More driver training oversight needed: insurance industry group

The agency representing the country's insurance industry is confirming long-held concerns of motorists who regularly drive hair-raising provincial routes like Highway 102 just outside Thunder Bay. In a news release this week, the Insurance Bureau of Canada says a study it commissioned found that many drivers of big transport trucks and other commercial vehicles are either inexperienced or insufficiently trained, and that "enforcement of commercial regulations violations is inadequate." The bureau's conclusions may provide some vindication to rural Thunder Bay residents like Jena Curtis, who in recent years has witnessed near-misses and at least one fatal transport crash in front of her Highway 102 business. "I really feel there is an issue with (transport) driver training," Curtis told The Chronicle-Journal last month. In its study, the insurance bureau notes that "trucker drivers with less than three years experience have a greater likelihood of being involved in a collision." Heavy truck crashes cause a lot of damage, the bureau noted. Meanwhile, Ontario's Ministry of Transportation (MTO) is conducting an online survey about Highway 102. It asks respondents if they've been in a collision or near-miss on the route, or know of such an occurrence. Ontario's NDP has called on the provincial government to upgrade commercial driving training requirements and make standards uniform across the province. The insurance bureau's report echoed that demand: "Training quality varies by school; there needs to be oversight, and standards need to be enforced." In addition to human carnage, transport truck crashes often cause major damage to other vehicles and road infrastructure. That, says the insurance bureau, results in increased insurance premium costs. "Insurance claims related to commercial trucking accidents have been increasing rapidly in recent years," the bureau said. In Canada, 90 per cent of all consumer goods, including food, is transported by trucks, the bureau noted. Earlier this year, MTO put into service a new, $30-million truck inspection station on Highway 11-17 in the Municipality of Shuniah. Respondents have until Sunday to take part in the survey about Highway 102. The link to the online survey is Highway102.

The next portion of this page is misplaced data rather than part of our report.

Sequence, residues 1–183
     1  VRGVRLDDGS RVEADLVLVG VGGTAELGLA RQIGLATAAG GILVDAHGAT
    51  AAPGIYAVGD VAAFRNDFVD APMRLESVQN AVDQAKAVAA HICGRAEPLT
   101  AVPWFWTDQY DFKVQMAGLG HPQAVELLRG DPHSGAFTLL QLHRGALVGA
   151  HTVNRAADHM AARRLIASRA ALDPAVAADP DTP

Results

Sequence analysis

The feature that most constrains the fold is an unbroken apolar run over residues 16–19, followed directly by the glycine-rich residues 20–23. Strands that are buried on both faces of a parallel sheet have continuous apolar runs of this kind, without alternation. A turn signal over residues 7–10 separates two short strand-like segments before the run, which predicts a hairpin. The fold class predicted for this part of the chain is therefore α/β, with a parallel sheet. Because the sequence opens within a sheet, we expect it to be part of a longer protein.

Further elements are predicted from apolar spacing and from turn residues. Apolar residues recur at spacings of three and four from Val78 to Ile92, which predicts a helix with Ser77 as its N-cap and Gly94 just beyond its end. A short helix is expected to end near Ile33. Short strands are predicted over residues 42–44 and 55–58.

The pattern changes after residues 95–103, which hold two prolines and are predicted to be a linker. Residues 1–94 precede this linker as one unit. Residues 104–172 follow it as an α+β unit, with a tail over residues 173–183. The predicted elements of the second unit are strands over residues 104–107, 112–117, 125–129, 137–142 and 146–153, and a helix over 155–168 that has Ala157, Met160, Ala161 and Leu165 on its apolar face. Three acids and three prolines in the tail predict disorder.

Carl Clutchey, Local Journalism Initiative reporter, The Chronicle-Journal